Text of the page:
Sounds good to me. All I have to do is trade in my AdBlu diesel Picasso (road tax £20 therefore very clean) which cost me on a trade in about £9000 for an inconveniently small Nissan Leaf at £26,000 plus £3000 taxpayer subsidy and I can buy a couple of beers and some crisps? Oh and don’t forget the cost of wiring the garage terminal for fast charging.
    What does Waitrose charge per Kwh at their terminals?

  4. Gamecock says:

    ‘the excess electricity is wasted’

    Not used. ‘Wasted’ is bogus propaganda.

    Wind/solar have very low variable cost. Reduction in demand doesn’t save them anything, because they don’t have much variable cost to save.

    Conventional combustion producers have much higher variable cost, mainly in the cost of fuel. When demand is down, they use less fuel, saving that expense.

    ‘In the absence of some sort of storage medium’

    Note that what is saved has no variable cost associated with it. In other words, it is impossible to justify storage.

  5. cognog2 says:

    Octopus Energy does NOT use just renewable energy. I am a customer and do not get switched off when the wind stops blowing; so the energy must come from somewhere.
    Recently wind power data showed many days with barely enough power available from wind to run a kettle.
    Octopus can only claim its green credentials by using the flawed carbon offset scheme which enables people to purchase certificates which are nothing more than secular indulgences generating income for the few in like manner to now long gone practices of the Catholic Church.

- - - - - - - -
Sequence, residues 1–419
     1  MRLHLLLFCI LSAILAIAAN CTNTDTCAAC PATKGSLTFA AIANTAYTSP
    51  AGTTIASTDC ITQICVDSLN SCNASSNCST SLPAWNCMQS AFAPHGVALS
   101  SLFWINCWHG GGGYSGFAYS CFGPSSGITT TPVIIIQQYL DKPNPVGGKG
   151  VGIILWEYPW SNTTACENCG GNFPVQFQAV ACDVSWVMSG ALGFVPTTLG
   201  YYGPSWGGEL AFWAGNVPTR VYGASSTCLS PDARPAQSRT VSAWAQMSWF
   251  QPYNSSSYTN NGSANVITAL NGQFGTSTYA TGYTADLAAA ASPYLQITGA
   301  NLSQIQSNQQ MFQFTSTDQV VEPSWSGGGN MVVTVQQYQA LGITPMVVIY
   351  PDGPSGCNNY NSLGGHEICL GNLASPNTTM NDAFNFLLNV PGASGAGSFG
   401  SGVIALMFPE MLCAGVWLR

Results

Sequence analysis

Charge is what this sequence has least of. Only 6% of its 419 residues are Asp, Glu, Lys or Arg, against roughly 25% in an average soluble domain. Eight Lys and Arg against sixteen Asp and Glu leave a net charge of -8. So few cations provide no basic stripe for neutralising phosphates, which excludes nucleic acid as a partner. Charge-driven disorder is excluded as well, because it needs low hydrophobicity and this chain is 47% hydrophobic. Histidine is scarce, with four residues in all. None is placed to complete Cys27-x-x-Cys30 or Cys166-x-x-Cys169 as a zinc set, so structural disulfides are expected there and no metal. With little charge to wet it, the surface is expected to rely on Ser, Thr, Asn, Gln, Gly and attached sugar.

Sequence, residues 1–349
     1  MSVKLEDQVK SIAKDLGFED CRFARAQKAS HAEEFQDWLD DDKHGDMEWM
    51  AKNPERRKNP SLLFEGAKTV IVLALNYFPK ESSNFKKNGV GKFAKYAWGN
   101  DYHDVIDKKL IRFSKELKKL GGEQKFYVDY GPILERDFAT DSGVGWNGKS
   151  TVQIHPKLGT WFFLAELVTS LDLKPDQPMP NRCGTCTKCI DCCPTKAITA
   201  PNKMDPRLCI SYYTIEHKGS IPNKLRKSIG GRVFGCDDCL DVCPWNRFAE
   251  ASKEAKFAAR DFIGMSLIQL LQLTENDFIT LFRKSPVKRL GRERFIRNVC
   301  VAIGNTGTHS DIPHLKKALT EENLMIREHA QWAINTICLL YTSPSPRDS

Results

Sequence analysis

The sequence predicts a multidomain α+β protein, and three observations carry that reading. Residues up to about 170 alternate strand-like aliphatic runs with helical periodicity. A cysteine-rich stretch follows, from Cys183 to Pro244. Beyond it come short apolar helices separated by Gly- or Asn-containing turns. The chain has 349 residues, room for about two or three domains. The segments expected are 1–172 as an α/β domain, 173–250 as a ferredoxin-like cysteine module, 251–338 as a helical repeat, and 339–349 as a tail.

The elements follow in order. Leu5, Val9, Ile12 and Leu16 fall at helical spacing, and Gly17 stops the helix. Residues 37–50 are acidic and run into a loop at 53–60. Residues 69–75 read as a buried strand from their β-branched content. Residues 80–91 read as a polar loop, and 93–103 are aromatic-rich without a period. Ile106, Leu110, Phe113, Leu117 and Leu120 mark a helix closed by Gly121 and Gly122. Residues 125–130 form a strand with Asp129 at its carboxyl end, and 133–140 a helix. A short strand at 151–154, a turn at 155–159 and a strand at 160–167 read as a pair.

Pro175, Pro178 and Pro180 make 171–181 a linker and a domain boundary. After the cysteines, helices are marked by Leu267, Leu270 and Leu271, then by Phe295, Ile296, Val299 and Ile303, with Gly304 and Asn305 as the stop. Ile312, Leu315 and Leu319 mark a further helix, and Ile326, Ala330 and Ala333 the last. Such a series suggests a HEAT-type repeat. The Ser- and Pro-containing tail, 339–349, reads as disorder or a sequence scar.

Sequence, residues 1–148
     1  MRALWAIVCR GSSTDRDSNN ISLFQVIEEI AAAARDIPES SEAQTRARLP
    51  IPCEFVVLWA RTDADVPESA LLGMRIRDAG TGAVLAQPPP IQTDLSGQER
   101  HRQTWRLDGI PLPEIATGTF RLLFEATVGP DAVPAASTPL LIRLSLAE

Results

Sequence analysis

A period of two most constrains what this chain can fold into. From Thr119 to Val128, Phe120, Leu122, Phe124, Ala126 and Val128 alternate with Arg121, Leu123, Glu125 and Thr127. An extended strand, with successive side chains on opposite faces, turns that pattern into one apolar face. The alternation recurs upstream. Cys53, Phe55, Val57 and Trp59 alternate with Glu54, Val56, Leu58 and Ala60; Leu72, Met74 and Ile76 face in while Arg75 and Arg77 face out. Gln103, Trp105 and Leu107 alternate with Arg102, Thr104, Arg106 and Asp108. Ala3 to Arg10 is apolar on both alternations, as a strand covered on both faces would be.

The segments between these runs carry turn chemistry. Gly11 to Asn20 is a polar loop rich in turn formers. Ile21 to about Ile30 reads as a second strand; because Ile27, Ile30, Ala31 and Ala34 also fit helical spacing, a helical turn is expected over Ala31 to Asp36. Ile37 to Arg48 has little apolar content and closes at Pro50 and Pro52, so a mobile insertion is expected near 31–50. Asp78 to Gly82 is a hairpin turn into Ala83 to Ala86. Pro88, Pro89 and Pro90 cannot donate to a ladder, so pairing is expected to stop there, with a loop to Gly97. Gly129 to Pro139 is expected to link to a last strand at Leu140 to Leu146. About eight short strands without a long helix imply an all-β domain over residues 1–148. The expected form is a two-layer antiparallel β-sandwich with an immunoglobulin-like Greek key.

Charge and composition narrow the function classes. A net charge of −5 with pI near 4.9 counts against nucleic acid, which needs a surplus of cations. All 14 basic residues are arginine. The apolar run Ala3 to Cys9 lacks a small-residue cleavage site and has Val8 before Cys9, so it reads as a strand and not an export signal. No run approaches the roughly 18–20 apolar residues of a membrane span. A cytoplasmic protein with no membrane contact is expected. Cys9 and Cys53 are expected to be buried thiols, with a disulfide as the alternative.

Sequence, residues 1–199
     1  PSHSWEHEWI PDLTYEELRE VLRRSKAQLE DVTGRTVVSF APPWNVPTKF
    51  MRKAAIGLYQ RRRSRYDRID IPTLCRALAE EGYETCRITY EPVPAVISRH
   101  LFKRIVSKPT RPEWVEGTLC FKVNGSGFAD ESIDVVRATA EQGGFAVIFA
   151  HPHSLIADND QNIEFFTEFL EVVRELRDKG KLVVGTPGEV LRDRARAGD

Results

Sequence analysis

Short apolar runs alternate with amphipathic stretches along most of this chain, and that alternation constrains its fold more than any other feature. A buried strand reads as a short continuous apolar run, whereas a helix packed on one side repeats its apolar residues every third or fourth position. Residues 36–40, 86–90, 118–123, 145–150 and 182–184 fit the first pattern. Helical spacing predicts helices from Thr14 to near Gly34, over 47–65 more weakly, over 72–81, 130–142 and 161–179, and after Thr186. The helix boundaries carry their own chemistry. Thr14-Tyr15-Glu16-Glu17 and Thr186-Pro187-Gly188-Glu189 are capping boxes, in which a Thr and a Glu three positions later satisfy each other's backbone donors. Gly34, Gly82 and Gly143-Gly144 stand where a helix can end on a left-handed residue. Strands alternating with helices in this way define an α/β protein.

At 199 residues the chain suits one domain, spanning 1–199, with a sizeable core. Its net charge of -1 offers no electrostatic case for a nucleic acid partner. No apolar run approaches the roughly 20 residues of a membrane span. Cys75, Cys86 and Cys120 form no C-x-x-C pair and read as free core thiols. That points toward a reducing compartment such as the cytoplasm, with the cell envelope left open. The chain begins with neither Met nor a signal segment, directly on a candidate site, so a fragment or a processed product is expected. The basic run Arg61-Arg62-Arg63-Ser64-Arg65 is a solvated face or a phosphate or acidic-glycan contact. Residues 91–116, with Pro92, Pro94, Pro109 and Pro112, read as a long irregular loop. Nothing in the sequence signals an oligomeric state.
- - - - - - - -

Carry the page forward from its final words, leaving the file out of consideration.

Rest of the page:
6. Curious George says:

    gamecock – what is the “variable cost”?

  7. Curious George says:

    Looked it up. I love the concept. A zero variable cost means that they get paid whether or not they are producing. Yes, that’s my experience as well. But storage is justified if I want a reliable energy. Of course, they don’t care – I’ll have to pay for it.

  8. oldbrew says:

    Octopus Energy does NOT use just renewable energy.

    On paper it might, but the electrons at the socket are from the same local network as next door’s no matter who sends your bills.

  9. E.M.Smith says:

    Costs divide into fixed costs and variable costs.

    In the very long run, fixed plant and equipment gets replaced, but for a very long time it is considered constant. A fixed cost to have built the plant.

    In immediate use, variable cost varies directly with production.

    So picture a Diesel generator. You pay a pile of money to buy it and install it. Then that cost is sunk or fixed for years. But turn it on, you consume Diesel oil to run it. The amount varies directly with the amount of energy you make. Varies with load. Variable cost.

    Windmills and solar use no fuel. The labor to maintain them does not change with use so much as with age. They are basically all fixed costs.